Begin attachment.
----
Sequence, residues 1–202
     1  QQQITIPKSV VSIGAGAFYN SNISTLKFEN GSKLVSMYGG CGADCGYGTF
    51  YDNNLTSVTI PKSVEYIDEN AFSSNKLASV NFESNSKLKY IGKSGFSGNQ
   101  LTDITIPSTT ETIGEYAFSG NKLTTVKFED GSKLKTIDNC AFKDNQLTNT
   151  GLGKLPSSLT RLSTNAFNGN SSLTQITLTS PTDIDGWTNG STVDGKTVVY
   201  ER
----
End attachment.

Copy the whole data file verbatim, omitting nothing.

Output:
Sequence, residues 1–202
     1  QQQITIPKSV VSIGAGAFYN SNISTLKFEN GSKLVSMYGG CGADCGYGTF
    51  YDNNLTSVTI PKSVEYIDEN AFSSNKLASV NFESNSKLKY IGKSGFSGNQ
   101  LTDITIPSTT ETIGEYAFSG NKLTTVKFED GSKLKTIDNC AFKDNQLTNT
   151  GLGKLPSSLT RLSTNAFNGN SSLTQITLTS PTDIDGWTNG STVDGKTVVY
   201  ER